Valkyria Chronicles 4 review (PlayStation 4): Extraordinary Circumstances

Valkyria Chronicles 4 is the sequel that a lot of fans have been waiting since the first game came out a decade ago. The second and third games both mixed things up somewhat, and the latter still hasn’t been released outside Japan. Last year’s Valkyria Revolution was a spinoff that went in a wildly different direction, and got widely criticised as a result (though I still maintain that it’s a good game, if a misunderstood one).

By contrast, Valkyria Chronicles 4 is a return to the original Valkyria Chronicles in structure, tone, and theme, and that’s a very good thing indeed.

Set in the year 1935 of an alternate history amid what’s known as the Second Europan War, this game takes place alongside the events of the events of the original Valkyria Chronicles, focusing on a new military unit and offering a new perspective on the conflict between Atlantic Federation and the East Europan Imperial Alliance.

Led by one Claude Wallace, Squad E is an elite group of soldiers, and they’re the arrowhead in a campaign called Operation Northern Star. The goal: bring a quick, decisive end to the war by breaking into enemy territory and capturing the Empire’s capital, Schwartzgrad.

This makes Valkyria Chronicles 4 an interesting complement to Valkyria Chronicles. Both games (and the series as a whole) are fundamentally about the humanity and human cost of war, but while Valkyria Chronicles focused on defensive efforts to repel an invasion, the new game casts you as an aggressor.

Once again, there’s a great deal of attention given to the impact of the war on civilians, but this time they’re mostly “enemy” civilians. Even in a town that they’ve captured peacefully, most people respond to Squad E with disdain and terror, and those civilians seen to be “fraternizing with the enemy” are soon ostracised for their lack of patriotism. Stopping the existential threat that the fascist Empire represents is necessary—as it was in the real-life World War II that Valkyria Chronicles‘ Second Europan War is based upon. But regardless of the greater good of the Federation’s goal, as Squad E, you’re still a conqueror, and Valkyria Chronicles 4 doesn’t shy away from showing the impacts of that on the people being conquered, no matter how peaceably it’s done.

The physical and emotional strain on the soldiers undertaking the mission is also a big focus. Squad E is a small group with limited supplies, and things grow more strained as they move further behind enemy lines. They’re not alone in Operation Northern Star, but they often find themselves separated from the rest of the army, while the other units find their numbers constantly whittling away. Despite all this the Federation’s higher-ups don’t see falling back as an option; this is their best chance at ending the war, and the sacrifices that the people on the ground make are necessary to make that happen.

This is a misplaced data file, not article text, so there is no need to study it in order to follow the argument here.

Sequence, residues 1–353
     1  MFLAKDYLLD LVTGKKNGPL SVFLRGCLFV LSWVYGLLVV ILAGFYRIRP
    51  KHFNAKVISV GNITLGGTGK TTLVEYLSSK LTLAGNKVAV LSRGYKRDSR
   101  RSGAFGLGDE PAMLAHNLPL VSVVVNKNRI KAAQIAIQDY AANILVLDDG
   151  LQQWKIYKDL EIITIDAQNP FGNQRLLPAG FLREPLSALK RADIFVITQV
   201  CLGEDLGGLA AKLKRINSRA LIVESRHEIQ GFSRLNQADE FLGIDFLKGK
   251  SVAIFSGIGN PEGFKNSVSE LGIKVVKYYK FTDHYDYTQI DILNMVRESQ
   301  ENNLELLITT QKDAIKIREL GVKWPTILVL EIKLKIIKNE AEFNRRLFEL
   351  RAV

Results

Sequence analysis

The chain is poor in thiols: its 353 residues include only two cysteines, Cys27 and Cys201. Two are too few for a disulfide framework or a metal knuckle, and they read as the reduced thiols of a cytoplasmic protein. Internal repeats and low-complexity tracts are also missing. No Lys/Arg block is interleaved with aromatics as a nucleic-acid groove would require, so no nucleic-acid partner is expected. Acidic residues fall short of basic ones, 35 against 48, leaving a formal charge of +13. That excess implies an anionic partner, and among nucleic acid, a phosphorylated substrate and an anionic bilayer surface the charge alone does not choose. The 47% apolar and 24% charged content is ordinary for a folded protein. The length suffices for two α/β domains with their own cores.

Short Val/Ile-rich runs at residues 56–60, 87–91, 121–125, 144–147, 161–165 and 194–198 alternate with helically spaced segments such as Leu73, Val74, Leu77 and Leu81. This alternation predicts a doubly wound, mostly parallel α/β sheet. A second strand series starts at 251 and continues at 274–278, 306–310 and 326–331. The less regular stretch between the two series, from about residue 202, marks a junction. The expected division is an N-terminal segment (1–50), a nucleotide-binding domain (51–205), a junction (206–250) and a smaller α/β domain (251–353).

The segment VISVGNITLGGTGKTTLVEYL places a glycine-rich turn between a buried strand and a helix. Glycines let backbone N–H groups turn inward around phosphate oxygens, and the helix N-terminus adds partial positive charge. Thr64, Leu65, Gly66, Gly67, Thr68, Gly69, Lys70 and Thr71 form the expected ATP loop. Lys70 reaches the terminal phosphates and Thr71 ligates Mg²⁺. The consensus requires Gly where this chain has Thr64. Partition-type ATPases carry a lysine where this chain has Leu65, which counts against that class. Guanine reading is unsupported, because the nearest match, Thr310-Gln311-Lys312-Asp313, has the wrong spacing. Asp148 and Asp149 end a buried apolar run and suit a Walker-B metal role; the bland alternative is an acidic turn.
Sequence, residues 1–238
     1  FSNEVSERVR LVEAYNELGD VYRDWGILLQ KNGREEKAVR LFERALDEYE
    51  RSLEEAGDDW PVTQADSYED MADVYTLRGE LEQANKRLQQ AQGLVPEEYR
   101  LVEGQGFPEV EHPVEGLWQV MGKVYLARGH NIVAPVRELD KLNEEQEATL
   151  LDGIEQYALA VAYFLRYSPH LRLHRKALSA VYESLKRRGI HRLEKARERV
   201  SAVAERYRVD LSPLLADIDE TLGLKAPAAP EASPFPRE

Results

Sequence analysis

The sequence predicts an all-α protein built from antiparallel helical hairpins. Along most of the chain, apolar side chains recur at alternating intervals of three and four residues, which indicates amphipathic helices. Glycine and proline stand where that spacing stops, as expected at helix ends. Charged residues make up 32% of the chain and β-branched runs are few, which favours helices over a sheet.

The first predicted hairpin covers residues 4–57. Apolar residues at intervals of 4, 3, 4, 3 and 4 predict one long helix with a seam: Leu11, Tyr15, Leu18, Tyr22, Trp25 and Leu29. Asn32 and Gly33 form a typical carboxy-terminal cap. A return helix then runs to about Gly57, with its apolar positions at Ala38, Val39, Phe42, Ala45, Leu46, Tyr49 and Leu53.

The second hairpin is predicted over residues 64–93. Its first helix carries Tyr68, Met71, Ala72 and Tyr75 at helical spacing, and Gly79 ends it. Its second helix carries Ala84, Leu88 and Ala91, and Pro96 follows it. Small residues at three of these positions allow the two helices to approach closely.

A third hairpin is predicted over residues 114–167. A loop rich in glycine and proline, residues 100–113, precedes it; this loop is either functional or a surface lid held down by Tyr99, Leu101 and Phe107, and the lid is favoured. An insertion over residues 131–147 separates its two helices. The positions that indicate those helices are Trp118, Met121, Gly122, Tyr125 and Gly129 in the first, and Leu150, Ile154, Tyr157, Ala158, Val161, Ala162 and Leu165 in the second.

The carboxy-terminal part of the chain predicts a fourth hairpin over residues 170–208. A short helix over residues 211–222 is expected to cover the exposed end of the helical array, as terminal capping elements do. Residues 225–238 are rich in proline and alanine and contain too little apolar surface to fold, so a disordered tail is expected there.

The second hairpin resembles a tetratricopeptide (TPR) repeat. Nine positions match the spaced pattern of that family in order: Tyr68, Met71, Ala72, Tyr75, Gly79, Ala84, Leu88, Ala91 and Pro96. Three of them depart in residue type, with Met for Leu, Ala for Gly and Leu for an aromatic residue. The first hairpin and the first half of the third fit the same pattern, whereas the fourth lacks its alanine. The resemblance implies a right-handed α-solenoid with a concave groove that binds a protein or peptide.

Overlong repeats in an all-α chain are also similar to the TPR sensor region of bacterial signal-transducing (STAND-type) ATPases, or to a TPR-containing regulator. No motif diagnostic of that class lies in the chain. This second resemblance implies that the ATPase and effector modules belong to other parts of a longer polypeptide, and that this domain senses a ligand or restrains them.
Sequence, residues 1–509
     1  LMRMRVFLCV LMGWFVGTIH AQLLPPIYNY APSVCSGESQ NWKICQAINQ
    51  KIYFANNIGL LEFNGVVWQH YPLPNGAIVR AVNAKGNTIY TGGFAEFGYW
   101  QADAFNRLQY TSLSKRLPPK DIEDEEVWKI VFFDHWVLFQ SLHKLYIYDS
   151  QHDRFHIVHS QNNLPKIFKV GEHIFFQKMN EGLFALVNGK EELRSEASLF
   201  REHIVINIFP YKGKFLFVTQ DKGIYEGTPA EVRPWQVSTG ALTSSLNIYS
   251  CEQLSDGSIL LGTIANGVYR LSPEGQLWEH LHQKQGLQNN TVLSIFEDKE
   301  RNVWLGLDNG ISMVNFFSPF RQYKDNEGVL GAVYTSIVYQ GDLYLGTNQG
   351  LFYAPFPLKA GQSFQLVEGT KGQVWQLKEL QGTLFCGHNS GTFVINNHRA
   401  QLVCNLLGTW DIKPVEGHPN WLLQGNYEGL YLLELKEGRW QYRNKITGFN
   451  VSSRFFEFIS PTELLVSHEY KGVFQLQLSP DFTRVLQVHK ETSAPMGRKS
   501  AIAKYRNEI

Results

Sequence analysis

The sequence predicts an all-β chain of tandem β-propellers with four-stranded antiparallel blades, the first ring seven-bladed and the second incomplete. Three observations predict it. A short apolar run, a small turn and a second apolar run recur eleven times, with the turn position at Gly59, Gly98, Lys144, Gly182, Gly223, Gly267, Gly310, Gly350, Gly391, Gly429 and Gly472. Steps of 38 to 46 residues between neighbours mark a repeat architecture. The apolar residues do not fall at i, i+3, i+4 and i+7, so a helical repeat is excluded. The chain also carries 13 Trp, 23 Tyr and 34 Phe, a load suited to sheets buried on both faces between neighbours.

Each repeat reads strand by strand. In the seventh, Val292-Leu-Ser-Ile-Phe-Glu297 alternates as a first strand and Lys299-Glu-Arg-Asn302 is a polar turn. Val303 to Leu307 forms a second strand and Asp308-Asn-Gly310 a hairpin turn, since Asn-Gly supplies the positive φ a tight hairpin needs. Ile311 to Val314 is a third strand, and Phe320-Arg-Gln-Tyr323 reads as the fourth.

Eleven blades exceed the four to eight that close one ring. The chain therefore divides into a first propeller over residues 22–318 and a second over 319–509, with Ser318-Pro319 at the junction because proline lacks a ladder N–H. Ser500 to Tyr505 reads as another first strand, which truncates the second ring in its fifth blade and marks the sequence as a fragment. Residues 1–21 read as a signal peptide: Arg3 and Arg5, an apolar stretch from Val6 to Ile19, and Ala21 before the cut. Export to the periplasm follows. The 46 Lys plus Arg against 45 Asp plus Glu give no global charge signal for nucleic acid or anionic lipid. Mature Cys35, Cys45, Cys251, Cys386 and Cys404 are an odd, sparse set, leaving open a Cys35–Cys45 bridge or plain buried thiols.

“Ordinary people thrust into extraordinary circumstances, fighting in the hopes that they would see a brighter future.” – Claude Wallace

Valkyria Chronicles 4 doesn’t really question the wisdom of the Federation’s decisions, but it does put a focus on what the people making those sacrifices go through, from the brutal living conditions and almost insurmountable odds to the pain of losing loved ones, especially when you don’t have time to grieve; the brutal conditions. Valkyria Chronicles has always been most interested in exploring the impact of war on those involved, and with Squad E and Operation Northern Cross, Valkyria Chronicles 4 puts a spotlight on those who are, arguably, more impacted than most.

But it’s also a story of hope, camaraderie, and humanity. Despite everything they go through, it’s the bonds that the members of Squad E share with one another that keep them going. Most of the main characters are childhood friends, with all the love and baggage that comes with that; indeed, those friendships drive a lot of the emotional core of Valkyria Chronicles 4.

But even among the side characters that fill out the rest of the squad, there are all sorts of tales of friendship and hope. Every person in the game is a fully fleshed-out character with their own dreams and backgrounds, and Valkyria Chronicles lets you see these play out through sidequests and how they talk to one another on the battlefield.

My favourite aspect of the characterisation—and this goes back to the first Valkyria Chronicles, to be fair—are each character’s unique passive skills (“potentials”) that reflect their mechanically personalities. Take Brittany, for example: a single mother, her “A Mother’s Strength” potential increases her accuracy and evasion while taking interception fire, signifying the lengths she’ll go to for her kids, while her “Done With Men” ability means that “being near men triggers a constitutional loathing so powerful it lowers accuracy.”

At the heart of Valkyria Chronicles 4‘s tales many personal tales is Claude Wallace, a commander with the rare ability to be a true leader, to rally his people and boost morale even when the situation seems beyond hope. As much as Valkyria Chronicles is the story about the squad as a whole, it’s a tale of Claude growing into a commander whose brilliance and ability to get stuff done depends entirely on his empathy, his humanity, and his sense of leadership.